Antidepressants and the Risk of Falls among Nursing Home Residents

We retrospectively identified an inception cohort of 2428 nursing home residents in Tennessee who were new users of tricyclic antidepressants, selective serotonin-reuptake inhibitors, or trazodone or nonusers of antidepressants

Purushottam B. Thapa; Patricia Gideon; Terry W. Cost; Amanda B. Milam; Wayne A. Ray

2002

Scholarcy highlights

  • Mood disorders are common among nursing home residents and are associated with substantial excess morbidity and mortality. major depression is treatable in frail elderly persons, including nursing home residents, there is concern that commonly used drugs increase the risk of falls and related injuries. Tricyclic and other heterocyclic antidepressants, until recently the predominant therapy among elderly patients, produce psychomotor impairment and orthostasis, which can lead to falls. In epidemiologic studies of long-term care, users of tricyclic antidepressants have increased rates of falls and injuries, with the increase in risk generally ranging from 50 percent to 200 percent
  • The use of tricyclic and other heterocyclic antidepressants is associated with an increased risk of falls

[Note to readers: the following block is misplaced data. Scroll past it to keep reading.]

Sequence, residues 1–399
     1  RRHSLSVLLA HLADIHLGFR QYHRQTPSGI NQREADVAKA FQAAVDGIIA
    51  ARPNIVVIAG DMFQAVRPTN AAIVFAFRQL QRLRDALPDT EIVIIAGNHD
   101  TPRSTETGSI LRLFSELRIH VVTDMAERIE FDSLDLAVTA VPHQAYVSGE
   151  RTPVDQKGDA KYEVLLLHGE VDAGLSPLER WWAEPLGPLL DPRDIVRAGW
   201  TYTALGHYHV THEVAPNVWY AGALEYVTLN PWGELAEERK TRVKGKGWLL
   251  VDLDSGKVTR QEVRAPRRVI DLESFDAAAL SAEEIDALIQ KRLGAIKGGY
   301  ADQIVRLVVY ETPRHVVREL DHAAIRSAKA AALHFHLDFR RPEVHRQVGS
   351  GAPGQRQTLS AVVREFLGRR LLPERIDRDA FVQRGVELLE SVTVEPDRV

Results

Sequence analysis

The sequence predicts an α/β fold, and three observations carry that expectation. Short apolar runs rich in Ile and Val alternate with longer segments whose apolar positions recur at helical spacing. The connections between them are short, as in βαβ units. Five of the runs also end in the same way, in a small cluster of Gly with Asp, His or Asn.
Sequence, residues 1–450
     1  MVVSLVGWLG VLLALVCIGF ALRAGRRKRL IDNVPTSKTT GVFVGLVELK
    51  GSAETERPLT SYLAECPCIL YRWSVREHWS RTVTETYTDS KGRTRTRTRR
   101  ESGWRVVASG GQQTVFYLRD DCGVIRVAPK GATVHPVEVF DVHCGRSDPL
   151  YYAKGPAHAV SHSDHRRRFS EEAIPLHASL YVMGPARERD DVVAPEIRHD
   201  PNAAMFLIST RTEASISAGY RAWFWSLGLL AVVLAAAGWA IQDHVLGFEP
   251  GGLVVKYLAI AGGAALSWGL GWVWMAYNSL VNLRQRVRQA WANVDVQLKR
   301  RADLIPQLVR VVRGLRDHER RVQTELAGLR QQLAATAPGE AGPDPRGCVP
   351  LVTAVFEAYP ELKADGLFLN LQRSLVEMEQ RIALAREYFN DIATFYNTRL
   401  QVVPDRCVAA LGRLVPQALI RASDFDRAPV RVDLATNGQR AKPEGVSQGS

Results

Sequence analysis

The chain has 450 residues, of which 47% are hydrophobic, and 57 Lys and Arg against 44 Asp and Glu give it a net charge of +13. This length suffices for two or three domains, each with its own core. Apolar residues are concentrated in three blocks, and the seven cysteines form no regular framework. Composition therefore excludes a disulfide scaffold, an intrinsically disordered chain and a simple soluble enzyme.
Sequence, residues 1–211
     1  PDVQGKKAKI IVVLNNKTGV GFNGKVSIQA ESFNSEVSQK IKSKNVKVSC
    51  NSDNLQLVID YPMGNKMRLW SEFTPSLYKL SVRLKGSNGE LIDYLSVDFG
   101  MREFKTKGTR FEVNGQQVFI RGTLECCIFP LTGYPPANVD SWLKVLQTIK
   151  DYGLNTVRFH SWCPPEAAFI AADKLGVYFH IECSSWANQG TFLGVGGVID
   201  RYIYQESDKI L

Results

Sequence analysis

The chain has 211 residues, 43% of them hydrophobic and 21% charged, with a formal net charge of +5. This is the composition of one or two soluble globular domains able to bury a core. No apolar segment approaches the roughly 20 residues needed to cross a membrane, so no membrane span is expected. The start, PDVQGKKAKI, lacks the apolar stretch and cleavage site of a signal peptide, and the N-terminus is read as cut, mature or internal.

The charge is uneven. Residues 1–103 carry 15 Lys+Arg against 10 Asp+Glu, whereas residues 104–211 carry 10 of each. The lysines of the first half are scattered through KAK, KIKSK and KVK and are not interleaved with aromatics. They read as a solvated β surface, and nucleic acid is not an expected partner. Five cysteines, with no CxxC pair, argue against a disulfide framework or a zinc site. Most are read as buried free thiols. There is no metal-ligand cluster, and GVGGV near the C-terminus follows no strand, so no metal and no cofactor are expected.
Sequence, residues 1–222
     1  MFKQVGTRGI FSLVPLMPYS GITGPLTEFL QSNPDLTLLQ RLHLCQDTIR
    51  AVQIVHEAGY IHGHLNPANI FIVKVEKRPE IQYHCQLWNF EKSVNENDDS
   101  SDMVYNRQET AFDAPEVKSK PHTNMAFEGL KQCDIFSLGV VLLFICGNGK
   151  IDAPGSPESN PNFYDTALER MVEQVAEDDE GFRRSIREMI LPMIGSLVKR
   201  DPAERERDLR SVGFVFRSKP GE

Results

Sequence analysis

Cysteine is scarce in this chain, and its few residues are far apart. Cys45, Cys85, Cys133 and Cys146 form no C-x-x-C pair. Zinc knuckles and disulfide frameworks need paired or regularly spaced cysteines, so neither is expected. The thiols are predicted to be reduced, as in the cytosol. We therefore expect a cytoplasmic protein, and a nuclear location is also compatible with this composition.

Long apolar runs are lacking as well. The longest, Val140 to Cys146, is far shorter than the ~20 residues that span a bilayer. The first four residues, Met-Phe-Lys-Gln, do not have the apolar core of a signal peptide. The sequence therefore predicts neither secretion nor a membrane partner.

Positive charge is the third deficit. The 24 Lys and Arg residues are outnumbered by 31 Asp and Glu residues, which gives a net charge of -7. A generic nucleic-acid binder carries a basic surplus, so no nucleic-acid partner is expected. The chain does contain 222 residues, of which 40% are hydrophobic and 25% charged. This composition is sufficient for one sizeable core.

• The elevated rates of falls persisted through the first 180 days of therapy and beyond. In this large study of nursing home residents, there was little difference in rates of falls between those treated with tricyclic antidepressants and those treated with selective serotonin-reuptake inhibitors
  • The preferential use of the newer antidepressants is unlikely to reduce the higher rate of falls among nursing home residents taking antidepressants
  • There were no significant differences between the users of individual drugs
  • Major depression is treatable in frail elderly persons, including nursing home residents, there is concern that commonly used drugs increase the risk of falls and related injuries

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